Cruise Ship Frequently Asked Questions (FAQ)

//Cruise Ship Frequently Asked Questions (FAQ)
Cruise Ship Frequently Asked Questions (FAQ)2017-01-12T08:11:45+00:00

 

Once you’ve received confirmation that you’ve been hired, you’ll want to know more details about airline tickets, travel documents, traveling to the ship, joining the ship, and getting home at the end of your contract. Here are some answers to these Frequently Asked Questions (FAQ):

Waiting for a Cruise Ship Assignment

Once you’ve been offered a job, you’ll undoubtedly have a lot of questions. You’ve successfully acquired your C1D Visa and your medical certificate. Now you wait for your ship assignment. Royal Caribbean explains in their “Getting Onboard!” employee handbook, ‘the length of time you will wait for your ship assignment can be anywhere between a few days to several months’.

This waiting period is typical with all the cruise lines. It can be a painful wait as you second guess if they have forgotten about you. Continue to follow up with your recruiter during this time. You will understand this process better once you work on board and see how many ‘leavers’ and ‘joiners’ there are on each turnaround day.

The Cruise Line Employment Letter

Although you are given an employment letter when you are first hired, this isn’t necessarily the final Letter of Employment (a.k.a. Letter of Guarantee, Immigration Letter, or Joining Letter) that you are given. Since you may not have a ship assignment immediately or your ship assignment is changed another Letter of Employment will be sent to you.

Typically the letter details the crew member’s data, the name of the ship you will be joining, the port you will be joining, the date you will be joining, and the port agent’s contact information. For some officers this letter may also include all your flight information.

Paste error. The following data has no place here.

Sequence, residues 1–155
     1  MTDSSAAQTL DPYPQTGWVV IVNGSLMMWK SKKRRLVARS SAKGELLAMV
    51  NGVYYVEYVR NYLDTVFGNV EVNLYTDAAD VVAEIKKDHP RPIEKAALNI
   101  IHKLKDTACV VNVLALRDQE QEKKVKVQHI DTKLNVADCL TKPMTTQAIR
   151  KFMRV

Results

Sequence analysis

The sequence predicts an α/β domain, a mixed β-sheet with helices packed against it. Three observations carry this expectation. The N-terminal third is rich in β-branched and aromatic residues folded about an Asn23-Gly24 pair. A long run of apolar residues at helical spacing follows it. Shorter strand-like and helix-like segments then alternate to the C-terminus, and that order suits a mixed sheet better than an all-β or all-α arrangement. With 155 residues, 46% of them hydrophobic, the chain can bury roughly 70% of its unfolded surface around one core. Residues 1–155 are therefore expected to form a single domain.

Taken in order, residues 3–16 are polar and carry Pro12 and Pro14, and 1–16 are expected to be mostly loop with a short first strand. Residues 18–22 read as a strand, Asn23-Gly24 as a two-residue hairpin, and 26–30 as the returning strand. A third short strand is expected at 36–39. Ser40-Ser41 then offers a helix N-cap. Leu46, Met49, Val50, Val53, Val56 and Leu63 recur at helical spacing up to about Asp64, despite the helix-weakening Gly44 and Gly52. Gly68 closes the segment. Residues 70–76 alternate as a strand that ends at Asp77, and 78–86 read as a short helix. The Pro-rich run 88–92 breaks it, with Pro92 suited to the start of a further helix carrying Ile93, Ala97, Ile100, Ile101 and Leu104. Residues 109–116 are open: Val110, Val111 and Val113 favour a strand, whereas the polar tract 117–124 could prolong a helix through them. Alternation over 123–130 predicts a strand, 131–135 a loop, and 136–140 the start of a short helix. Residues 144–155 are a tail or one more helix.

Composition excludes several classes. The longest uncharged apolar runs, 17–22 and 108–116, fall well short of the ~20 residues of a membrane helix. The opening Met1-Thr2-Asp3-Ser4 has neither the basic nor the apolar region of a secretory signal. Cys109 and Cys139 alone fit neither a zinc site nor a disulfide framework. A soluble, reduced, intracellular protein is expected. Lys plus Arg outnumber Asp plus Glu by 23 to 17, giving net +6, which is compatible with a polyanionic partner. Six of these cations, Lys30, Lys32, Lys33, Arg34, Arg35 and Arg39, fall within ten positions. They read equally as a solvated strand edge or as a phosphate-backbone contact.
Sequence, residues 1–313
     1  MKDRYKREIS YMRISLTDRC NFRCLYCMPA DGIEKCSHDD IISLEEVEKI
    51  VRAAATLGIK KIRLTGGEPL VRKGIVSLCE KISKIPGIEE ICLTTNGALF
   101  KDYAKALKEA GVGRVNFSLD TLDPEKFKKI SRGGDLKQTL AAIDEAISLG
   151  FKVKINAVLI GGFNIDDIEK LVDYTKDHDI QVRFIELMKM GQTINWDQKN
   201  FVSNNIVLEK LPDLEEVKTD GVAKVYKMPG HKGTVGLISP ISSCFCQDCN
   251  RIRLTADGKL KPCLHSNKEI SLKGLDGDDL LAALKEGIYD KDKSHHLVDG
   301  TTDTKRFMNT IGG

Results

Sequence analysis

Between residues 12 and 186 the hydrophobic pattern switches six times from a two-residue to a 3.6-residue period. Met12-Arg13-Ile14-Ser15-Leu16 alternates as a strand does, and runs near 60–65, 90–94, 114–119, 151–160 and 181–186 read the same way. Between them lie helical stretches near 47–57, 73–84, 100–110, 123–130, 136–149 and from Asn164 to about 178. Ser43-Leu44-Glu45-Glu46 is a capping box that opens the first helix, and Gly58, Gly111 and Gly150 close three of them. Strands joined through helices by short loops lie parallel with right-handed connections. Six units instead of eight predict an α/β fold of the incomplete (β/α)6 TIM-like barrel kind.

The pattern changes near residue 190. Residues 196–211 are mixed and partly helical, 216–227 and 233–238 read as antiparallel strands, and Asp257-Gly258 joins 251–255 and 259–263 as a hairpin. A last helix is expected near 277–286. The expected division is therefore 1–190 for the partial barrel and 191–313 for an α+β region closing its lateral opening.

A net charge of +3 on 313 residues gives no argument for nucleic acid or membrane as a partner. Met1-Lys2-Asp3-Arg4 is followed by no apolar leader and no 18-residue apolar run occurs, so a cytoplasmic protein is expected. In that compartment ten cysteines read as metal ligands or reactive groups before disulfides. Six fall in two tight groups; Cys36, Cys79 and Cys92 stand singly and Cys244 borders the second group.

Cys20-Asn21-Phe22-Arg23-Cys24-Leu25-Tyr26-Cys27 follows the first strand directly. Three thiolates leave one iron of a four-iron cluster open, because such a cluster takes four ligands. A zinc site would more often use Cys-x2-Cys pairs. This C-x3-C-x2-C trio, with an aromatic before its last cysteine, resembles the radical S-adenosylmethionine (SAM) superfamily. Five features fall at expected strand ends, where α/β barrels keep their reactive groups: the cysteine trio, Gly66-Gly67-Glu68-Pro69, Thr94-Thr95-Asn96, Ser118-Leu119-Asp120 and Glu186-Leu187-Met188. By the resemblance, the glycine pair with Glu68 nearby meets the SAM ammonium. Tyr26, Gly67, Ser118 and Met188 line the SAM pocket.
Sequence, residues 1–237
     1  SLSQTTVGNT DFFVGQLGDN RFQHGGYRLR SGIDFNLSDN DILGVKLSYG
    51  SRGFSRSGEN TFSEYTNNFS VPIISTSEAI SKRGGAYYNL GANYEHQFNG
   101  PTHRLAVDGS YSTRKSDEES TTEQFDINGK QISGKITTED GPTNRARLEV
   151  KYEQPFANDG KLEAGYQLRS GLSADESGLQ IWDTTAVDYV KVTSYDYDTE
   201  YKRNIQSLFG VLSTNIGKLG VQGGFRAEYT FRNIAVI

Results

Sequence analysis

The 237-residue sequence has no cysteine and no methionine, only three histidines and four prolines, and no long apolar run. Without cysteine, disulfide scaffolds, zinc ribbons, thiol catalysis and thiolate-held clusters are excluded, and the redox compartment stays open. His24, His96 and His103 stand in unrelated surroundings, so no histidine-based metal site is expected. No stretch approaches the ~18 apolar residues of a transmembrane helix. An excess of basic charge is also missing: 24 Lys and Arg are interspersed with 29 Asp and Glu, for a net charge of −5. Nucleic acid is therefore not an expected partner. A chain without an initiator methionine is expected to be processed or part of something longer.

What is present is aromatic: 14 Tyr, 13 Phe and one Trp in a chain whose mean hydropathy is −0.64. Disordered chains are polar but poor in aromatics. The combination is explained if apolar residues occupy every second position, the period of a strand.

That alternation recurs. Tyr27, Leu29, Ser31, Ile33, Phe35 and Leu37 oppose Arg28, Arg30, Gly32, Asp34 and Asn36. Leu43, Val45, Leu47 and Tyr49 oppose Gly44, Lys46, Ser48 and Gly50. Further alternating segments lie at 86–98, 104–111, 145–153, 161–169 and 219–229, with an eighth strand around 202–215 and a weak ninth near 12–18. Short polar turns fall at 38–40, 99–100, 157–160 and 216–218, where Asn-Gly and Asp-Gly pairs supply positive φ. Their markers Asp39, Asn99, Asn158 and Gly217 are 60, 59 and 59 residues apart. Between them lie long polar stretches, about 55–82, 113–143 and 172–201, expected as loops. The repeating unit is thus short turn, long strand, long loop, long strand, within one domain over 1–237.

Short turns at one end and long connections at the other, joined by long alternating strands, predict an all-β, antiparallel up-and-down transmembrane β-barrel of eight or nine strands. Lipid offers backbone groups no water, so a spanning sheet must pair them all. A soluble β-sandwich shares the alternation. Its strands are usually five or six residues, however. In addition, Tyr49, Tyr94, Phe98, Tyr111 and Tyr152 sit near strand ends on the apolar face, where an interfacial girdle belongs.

This letter is a very important document and you need to keep it secure. This is one of the documents that immigration officials will need to see at the airport. You will also present this letter once you get to the cruise terminal, then again to the ship’s security at the gangway, and then again to the crew office onboard the ship.

Airline Tickets for Cruise Ship Jobs

For most officers and some crew members (depending on cruise line, rank, country of residency, or concession) the cruise line pays for the airline tickets, hotel accommodations, transfers to the ship, and even some meals. For most other crew, the crew member may have to make all the arrangements to get to their ship by their sign on date. Check with your recruiter for these details.

For example, Royal Caribbean instructs crew members in their ‘Getting Onboard!’ handbook that the cost of the airline ticket must be “paid by the new employee, except for those employees who are assigned to 2-1/2 stripe positions or above, are from the Philippines or work in the Marine department.”

Comparatively, Starboard Cruise Services, a concession that employs gift shop employees, offers this information for their newly hired employees:

“Newly hired crew members must book and purchase a one-way ticket to their first ship assignment. Upon embarkation, $500 is required to be deposited with the Shop Manager. With the successful completion of the six-month contract, the $500 deposit will be reimbursed to the employee and Starboard will arrange the return flight home, paid for by Starboard.”

Really Important Items to Pack

When it’s time to pack your carry-on, make sure you remember all of these items: